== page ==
Far side of the moon
Orion captured this photo of the far side of the moon with giant Tsiolkovskiy Crater on Monday. NASA photo

NASA’s Orion spacecraft flew by the moon early Monday and fired its engines for two and a half minutes to enter a special elongated orbit around Earth’s neighbor.

Orion passed 81 miles above the moon and will be over 57,000 miles out when its engines fire a second time on Nov. 25 to enter what scientists call a “distant retrograde orbit.”

The spacecraft, which launched last Wednesday on NASA’s Space Launch System, the most powerful rocket ever flown, is designed to carry four astronauts on missions of up to 21 days to the moon and beyond.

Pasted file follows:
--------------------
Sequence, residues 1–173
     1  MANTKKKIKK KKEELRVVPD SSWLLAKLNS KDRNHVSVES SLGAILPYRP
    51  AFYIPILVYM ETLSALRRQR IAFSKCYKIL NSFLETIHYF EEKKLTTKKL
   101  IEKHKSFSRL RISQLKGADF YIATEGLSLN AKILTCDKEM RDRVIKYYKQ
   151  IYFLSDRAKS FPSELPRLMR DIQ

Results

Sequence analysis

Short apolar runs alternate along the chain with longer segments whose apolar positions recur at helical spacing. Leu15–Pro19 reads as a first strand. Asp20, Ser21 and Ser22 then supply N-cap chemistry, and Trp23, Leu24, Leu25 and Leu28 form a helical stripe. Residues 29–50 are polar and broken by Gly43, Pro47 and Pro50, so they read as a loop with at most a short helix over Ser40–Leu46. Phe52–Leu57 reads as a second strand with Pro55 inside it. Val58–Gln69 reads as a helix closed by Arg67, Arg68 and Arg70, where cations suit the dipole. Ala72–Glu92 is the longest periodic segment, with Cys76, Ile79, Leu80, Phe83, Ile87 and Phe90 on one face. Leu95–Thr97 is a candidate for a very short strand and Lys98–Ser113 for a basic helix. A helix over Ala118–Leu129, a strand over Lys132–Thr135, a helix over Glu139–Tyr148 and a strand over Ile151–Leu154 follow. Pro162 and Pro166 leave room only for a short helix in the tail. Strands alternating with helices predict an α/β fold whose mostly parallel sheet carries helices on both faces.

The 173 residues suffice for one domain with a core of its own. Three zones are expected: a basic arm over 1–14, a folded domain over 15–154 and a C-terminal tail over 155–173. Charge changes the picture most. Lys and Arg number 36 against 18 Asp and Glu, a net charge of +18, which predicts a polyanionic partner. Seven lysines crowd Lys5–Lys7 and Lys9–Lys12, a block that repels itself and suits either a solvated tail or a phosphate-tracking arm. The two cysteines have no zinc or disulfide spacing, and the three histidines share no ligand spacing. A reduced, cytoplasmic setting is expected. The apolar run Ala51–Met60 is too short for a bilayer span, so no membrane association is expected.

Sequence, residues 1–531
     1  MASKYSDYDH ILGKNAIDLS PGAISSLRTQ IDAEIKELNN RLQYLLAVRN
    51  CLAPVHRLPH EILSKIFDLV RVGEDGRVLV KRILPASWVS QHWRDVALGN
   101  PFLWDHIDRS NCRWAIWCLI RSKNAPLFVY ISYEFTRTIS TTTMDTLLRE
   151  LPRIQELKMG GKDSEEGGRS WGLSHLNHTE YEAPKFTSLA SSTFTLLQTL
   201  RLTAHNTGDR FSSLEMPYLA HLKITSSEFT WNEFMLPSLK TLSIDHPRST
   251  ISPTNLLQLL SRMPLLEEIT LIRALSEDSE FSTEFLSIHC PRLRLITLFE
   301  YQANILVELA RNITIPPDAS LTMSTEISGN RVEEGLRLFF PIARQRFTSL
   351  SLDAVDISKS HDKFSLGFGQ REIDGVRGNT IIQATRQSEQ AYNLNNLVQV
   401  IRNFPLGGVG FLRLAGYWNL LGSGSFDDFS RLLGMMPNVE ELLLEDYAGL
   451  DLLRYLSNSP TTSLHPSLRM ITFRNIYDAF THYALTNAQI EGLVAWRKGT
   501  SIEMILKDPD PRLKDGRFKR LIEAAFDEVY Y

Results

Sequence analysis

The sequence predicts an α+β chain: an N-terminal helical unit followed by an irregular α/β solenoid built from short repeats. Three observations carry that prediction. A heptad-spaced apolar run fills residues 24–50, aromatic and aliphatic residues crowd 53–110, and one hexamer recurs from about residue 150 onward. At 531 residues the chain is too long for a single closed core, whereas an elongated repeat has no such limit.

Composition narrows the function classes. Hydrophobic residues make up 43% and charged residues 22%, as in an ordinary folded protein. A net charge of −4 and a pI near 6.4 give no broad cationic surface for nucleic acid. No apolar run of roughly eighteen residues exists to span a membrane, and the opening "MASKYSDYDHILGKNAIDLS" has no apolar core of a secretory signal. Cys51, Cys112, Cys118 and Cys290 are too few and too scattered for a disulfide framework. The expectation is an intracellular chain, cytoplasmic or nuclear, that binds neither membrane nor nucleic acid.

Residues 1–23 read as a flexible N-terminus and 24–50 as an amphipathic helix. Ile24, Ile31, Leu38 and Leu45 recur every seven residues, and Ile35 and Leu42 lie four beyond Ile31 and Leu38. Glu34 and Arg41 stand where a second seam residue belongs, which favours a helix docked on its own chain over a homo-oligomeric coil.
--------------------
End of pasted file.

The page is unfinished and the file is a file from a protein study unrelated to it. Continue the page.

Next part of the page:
The Orion capsule will return to Earth on Dec. 11, splashing down in the Pacific Ocean off San Diego where it will be recovered by a Navy amphibious ship.

The first flight, named Artemis 1, is a test mission prior to sending astronauts around the moon in early 2024. It will be followed by a moon landing in the middle of the decade.


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Ellen Bullock